Evaluation of a cyclone gasifier design to be used for biomass fuelled gas turbines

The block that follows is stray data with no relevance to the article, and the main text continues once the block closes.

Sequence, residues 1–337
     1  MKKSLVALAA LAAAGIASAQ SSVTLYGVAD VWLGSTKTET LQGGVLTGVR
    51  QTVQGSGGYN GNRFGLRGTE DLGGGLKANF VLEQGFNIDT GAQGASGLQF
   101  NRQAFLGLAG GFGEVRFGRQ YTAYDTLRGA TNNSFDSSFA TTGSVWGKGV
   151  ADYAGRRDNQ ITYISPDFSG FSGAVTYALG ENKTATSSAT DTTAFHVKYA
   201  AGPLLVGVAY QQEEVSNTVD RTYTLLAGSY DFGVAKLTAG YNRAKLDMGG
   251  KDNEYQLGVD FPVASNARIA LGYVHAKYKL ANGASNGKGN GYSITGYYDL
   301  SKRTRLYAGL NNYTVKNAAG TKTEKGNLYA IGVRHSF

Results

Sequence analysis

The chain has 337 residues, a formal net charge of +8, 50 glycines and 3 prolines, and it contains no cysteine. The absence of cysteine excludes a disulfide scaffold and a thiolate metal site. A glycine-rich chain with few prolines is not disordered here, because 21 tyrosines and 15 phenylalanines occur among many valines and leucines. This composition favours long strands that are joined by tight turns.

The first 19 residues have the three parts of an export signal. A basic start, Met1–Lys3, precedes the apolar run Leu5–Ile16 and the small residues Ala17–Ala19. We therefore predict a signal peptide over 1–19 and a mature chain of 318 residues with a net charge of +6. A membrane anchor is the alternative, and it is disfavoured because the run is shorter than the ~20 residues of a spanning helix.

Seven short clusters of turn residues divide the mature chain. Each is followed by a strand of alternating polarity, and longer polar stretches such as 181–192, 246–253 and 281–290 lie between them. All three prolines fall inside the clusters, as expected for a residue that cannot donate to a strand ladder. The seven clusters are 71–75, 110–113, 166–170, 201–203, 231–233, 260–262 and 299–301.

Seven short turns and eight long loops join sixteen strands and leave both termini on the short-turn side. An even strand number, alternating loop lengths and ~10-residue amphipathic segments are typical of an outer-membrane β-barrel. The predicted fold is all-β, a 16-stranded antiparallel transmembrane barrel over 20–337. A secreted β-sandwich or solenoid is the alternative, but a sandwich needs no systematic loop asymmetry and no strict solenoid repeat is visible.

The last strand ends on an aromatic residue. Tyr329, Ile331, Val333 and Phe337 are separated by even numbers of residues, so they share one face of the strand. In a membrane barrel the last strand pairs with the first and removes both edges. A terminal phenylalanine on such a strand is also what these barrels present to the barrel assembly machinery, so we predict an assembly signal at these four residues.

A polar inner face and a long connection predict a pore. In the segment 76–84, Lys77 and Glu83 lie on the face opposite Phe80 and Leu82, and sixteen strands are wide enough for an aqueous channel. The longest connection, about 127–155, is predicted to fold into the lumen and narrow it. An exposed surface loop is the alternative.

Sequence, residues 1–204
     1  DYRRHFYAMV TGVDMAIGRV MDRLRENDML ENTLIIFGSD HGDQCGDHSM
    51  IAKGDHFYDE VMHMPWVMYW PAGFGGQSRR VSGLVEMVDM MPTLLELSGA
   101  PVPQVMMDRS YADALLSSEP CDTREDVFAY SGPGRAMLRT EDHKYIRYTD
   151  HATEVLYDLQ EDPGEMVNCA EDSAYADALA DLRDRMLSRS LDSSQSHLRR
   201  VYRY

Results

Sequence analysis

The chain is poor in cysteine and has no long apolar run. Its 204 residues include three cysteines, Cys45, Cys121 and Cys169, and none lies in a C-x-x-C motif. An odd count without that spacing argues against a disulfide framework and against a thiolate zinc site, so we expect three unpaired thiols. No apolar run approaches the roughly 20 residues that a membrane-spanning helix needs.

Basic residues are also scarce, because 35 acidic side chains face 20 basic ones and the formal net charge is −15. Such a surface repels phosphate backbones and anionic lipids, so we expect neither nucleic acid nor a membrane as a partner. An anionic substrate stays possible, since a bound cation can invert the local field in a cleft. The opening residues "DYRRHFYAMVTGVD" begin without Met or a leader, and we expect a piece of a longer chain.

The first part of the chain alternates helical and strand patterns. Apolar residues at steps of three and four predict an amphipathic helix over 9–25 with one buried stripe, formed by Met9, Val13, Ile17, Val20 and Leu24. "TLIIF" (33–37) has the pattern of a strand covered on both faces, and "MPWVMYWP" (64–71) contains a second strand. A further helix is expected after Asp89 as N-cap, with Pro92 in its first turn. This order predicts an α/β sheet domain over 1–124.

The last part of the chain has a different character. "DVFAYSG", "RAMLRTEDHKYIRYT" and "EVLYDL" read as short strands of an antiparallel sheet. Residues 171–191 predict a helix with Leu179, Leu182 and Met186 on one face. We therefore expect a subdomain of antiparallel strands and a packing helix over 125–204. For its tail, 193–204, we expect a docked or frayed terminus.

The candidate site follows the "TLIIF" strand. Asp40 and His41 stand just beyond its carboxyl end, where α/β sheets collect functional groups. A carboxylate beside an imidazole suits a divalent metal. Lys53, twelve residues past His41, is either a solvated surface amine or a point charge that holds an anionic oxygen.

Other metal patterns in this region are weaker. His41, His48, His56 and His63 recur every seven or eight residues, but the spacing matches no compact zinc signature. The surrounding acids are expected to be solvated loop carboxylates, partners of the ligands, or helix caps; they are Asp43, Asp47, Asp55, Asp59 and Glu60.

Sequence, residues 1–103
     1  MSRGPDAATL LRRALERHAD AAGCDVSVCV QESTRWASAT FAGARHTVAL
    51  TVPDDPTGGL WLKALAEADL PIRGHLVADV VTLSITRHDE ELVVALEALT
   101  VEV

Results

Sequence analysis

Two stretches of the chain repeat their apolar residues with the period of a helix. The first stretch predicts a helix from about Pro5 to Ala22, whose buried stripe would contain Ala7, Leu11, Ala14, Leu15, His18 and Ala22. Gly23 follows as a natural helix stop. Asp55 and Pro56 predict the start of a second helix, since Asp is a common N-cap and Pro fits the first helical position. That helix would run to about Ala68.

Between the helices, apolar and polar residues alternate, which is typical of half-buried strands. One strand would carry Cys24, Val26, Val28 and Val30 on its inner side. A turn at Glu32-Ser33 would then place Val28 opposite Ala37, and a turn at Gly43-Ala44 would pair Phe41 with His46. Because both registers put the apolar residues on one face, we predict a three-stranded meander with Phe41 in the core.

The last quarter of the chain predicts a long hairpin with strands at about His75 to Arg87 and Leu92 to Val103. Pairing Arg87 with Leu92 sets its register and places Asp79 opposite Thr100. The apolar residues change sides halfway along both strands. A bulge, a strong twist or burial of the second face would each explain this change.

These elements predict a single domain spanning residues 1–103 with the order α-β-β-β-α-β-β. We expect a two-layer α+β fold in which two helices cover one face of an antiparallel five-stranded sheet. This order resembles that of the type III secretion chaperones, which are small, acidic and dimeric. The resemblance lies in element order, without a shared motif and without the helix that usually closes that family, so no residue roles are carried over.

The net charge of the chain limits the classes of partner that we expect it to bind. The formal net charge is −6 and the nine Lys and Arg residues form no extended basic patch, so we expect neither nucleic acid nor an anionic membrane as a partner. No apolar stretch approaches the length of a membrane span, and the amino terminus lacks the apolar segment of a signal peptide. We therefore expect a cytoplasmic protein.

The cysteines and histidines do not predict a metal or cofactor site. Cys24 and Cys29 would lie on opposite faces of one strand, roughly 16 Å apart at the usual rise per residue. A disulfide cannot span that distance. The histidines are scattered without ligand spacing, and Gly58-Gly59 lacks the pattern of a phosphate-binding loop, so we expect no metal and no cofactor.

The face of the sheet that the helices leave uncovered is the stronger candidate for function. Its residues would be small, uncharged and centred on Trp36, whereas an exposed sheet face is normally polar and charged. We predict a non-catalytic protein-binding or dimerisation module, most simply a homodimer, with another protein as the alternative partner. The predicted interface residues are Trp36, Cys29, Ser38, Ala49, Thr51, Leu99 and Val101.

Abstract: This thesis is a result of experimental studies carried out as a part of the efforts made in Sweden and within the European Union to develop a technology that will make it technically and economically possible to use biomass as a gas turbine fuel. The process that has been studied is based on cyclone gasification of biomass powder and no further cleaning of the product gas from the gasifier. The study covers four issues that are important for assessment of the possibilities to develop such a process to commercialisation: The feeding of biomass to the gasifier The efficiency of the gasification process The product gas quality The integration of the gas turbine and the gasifier. The studies of the feeding system are presented in papers 1, 2 and 3. Screw feeders were used to control the fuel flow and ejectors driven by pressurised air or pressurised steam were used for injection of the powder into the cyclone. Two approaches for achieving feeding with small temporal variations were studied. One is based on use of a vibrator device in the feeding train, the other on use of a brush-like device positioned after the metering screws. Both systems were found to work reliably during the feeding tests and the subsequent gasification experiments. The gasification tests aimed at determination of the quality of the gas produced from the cyclone gasifier. Stable operating ranges, generation of char residue, heating value of the product gas and amounts of contaminants in the product gas were studied. The results were compared with gas quality criteria provided by ABB Stal. Experiments were made at atmospheric pressure and elevated pressure. The atmospheric gasification tests covered five different biomass powders. The results of these tests are shown in paper 4. Two of the fuels appeared as less suitable in the type of cyclone gasifier that was used. The pressurised gasification tests included commercial Swedish wood powder fuel only. The results of the tests are shown in paper 5. For this fuel, stable gasification could be attained both at the atmospheric and elevated pressure. The gas quality fulfilled the criteria with exception for the amount of large particles (above 8µm). The implications of this will depend on the particle properties. The experiences from attempts to operate the cyclone gasifier integrated with a gas turbine are presented in paper 6. Many difficulties where encountered during these tests. Stable operation of the gas turbine could be however achieved on a few occasions. The longest uninterrupted operation period was 34 minutes. Pressure transients appearing upon ignition in the combustion chamber of the gas turbine and design of the char discharge system at the cyclone bottom are the main unresolved problems.
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